James MacMillan’s first opera Inés de Castro shocked and baffled the Edinburgh Festival crowd in 1996, but was taken to heart by the Scottish audiences, revived and even toured to Portugal. I remember the composer beetling out from the Theatre Royal auditorium at the end to take his bow on stage. It could easily have been left there, but when Scottish Opera suggested a new production, MacMillan jumped at the chance to revisit the score and relished the opportunity to be closely involved with the rehearsal process and conduct the performances, working with people he knows well. MacMillan says that there is a “creative forgetting” once he puts a double bar at the end of a piece, and he has had to relearn the opera from scratch.

Peter Wedd (Pedro) and Susannah Glanville (Blanca) © Ken Dundas
Peter Wedd (Pedro) and Susannah Glanville (Blanca)
© Ken Dundas

The opera is musically dense in texture, highly demanding to perform for singers and players, extremely violent in its unremitting stomach-turning explicitness and it has to be said, totally thrilling from start to end. Even after all these years, there are key moments literally etched in the memory: an exhumed queen on the throne, a tender old woman cajoling and pleading with dying characters not to be afraid as they cross to the other side, an executioner’s song descriptive in gruesome detail and a battery of side drums spilling into the theatre’s boxes. Happily these are all still in place, and the opera has been sharpened up, deepening its already powerful impact.

This is the true story of the murder of the Spanish mistress of the Crown Prince of Portugal because she was considered a threat to the state. The opera is based on Jo Clifford’s 1980s successful play of the same title, seen by the composer at the Traverse Theatre. Director Olivia Fuchs has moved the action to a highly repressed regime in the 1970s, possibly Pinochet’s Chile, so Kai Fischer’s sets are crumbling concrete lattice, dust and votive candles illuminating pictures, presumably of the disappeared. A collapsed building seems to have left a form of a distressed concrete cross, and indeed, there is some moving liturgical singing at various points.

In the title role, Stephanie Corley was triumphant, confident in her relationship with Pedro, her prince with whom she has had two children, now heirs to the throne but unacceptably, half Spanish. It is a position that Pacheco, advisor to the King will not tolerate, and he convinces the King to dispatch Pedro to head up a unit of the Portuguese army in a knowingly vulnerable position. The idea is that he will die bravely. Paul Carey Jones as Pacheco was truly evil, bending those around him to get his way, stalking the action with his briefcase of prepared papers only requiring the hopeless King’s signature to start a catalogue of misery.

Stephanie Corley (Inés de Castro) © Ken Dundas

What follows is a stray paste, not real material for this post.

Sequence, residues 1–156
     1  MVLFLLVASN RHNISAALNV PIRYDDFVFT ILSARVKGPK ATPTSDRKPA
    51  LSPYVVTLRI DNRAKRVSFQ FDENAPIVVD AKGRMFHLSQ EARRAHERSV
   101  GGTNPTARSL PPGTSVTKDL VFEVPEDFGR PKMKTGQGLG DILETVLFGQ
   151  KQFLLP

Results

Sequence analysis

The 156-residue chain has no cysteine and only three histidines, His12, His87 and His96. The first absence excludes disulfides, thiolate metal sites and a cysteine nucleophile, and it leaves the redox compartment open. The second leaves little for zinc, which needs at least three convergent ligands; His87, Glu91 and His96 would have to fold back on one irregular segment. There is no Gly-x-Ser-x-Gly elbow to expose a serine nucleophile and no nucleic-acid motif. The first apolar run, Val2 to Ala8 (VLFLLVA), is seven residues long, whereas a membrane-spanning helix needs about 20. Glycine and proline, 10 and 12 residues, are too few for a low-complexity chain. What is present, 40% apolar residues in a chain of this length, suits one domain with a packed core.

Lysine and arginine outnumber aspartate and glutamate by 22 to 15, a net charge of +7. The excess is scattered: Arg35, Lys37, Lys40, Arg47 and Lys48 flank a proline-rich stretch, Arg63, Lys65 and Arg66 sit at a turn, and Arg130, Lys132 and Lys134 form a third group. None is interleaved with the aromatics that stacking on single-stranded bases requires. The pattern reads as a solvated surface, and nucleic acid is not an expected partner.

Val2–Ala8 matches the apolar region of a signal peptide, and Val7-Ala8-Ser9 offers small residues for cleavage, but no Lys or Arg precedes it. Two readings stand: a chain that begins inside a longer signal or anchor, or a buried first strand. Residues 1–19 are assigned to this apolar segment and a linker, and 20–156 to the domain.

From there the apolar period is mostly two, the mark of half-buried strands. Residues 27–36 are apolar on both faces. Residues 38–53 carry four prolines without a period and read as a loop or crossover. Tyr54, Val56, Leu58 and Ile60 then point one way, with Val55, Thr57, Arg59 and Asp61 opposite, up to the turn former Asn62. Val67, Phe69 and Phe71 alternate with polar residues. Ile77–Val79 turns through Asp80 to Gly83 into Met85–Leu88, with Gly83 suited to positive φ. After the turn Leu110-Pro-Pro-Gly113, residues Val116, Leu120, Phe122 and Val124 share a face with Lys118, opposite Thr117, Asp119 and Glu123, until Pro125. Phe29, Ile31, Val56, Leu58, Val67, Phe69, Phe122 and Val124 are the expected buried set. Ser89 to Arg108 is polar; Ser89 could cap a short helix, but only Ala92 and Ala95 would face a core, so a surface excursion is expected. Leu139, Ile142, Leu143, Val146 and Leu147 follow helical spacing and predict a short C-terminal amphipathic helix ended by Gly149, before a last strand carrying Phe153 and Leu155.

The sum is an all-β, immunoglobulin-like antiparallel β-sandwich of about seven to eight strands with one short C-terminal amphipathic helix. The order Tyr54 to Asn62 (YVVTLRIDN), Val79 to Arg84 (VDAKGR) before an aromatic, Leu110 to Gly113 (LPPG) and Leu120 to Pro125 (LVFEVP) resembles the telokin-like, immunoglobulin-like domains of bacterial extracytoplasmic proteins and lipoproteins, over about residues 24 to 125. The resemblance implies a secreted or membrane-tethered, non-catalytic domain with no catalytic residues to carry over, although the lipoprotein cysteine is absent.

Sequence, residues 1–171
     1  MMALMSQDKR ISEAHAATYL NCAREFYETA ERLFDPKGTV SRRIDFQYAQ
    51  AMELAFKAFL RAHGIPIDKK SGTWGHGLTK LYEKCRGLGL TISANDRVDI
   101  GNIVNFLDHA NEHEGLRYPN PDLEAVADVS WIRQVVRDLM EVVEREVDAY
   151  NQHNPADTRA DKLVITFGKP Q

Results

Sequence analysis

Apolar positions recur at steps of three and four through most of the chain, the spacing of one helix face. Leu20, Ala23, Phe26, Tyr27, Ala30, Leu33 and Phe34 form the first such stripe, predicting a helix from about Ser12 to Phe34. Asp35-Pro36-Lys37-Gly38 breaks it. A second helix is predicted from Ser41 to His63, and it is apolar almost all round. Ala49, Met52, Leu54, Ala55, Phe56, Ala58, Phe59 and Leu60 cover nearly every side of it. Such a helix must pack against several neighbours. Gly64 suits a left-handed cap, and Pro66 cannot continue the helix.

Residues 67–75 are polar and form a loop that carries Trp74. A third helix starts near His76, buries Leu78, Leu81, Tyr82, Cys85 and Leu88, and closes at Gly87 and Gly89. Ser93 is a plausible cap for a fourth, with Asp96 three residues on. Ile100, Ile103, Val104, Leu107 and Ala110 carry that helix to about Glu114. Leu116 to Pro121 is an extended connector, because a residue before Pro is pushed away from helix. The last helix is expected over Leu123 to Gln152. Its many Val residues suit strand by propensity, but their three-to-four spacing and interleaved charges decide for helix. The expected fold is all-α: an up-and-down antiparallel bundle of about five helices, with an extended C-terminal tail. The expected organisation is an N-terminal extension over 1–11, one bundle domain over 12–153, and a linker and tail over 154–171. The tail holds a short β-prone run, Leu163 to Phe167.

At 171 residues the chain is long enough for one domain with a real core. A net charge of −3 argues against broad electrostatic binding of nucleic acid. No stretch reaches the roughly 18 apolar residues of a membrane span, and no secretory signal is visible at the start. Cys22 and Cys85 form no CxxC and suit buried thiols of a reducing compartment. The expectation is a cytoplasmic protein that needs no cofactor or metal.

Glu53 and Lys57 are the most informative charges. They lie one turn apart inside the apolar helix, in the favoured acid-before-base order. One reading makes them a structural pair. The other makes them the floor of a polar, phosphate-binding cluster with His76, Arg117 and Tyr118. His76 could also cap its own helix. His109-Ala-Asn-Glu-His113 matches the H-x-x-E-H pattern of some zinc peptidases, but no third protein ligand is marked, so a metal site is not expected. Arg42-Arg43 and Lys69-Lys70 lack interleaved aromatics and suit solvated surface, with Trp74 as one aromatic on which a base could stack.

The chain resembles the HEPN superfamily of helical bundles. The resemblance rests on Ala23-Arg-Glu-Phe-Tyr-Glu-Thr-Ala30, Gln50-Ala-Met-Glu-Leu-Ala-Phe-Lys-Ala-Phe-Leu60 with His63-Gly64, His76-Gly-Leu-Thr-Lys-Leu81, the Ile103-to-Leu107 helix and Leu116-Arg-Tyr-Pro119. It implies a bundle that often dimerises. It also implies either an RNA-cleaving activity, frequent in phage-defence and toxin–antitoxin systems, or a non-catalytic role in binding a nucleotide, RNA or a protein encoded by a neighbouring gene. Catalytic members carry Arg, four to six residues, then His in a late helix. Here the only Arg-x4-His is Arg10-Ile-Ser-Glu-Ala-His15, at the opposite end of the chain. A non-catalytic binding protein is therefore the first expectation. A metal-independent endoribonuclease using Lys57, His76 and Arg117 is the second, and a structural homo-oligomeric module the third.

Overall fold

Stephanie Corley (Inés de Castro)
© Ken Dundas

I had forgotten Blanca’s mad scene: Pedro’s wife explains to Inés about the series of miscarried children down to the detail of the deformed foetuses she is advised not to look at, but does all the same. It is a desperately sad tale of a loveless marriage and sung with passion by Susannah Glanville in a particularly strong second Act.

A women’s chorus appear, trying to wash blood out of garments which themselves form a red river. The heads of Inés’ children are presented to her in a black holdall, and as she is bound to an electric chair, an old woman appears out of the shadows to comfort her and lead her to another place: “Believe me, you don’t want to get old!” she entreats. Kathleen Wilkinson reprised her original role magnificently, helping both Inés and later the King to shed their worldly outer garments before passing on.

The problem for Pacheco is that Pedro survives and returns in triumph. Peter Wedd rails against the fixer and his weak father, ordering Inés to be dug up and put on the throne. In a nice period twist, Gary Griffiths as the Executioner uses an overhead projector to explain Pacheco’s truly horrible fate. No easy death by PowerPoint here as ‘old school’ felt-tip diagrams were as much information as we really needed.

Peter Wedd (Pedro) and Brindley Sherratt (The King) © Ken Dundas
Peter Wedd (Pedro) and Brindley Sherratt (The King)
© Ken Dundas

This was a particularly well sung production, with every principal on top form. A strong semi-chorus of ordinary people was made up of current and former Scottish Opera emerging artists. With a difficult score requiring on- and offstage work, credit must go to the larger impeccably drilled chorus by Oliver Rundell making a huge impact as liturgical comment, repressed subjects, as well as colourful crazies, so disappointed that the executions happened without a decent party.

The final tableau has the People being made to garland the dead queen, now a rotting corpse haunted by the ghost of Inés invisible to all save only an innocent girl. Inés implores her to pass on the message of the opera that there has to be a better way, and calls her to heed her pleas for an end to repression and violence.

MacMillan directed his large percussion-laden orchestral forces with fiery precision. Musically, it is a busy score with lots going on, a mixture of lush, strident and shrieking and the spectacular use of percussion including double basses whacking their strings with the back of their bows. The ending of the first act with four side drummers hammering out irregular rhythms in perfect unison was particularly thrilling.

With its unrelenting assault on the senses Inés de Castro is not a comfortable evening. It is not supposed to be. Scottish Opera, with its welcome bold new foyer development, is firing on all cylinders in this powerful and unmissable production, the big disappointment being that there are only a total of four performances.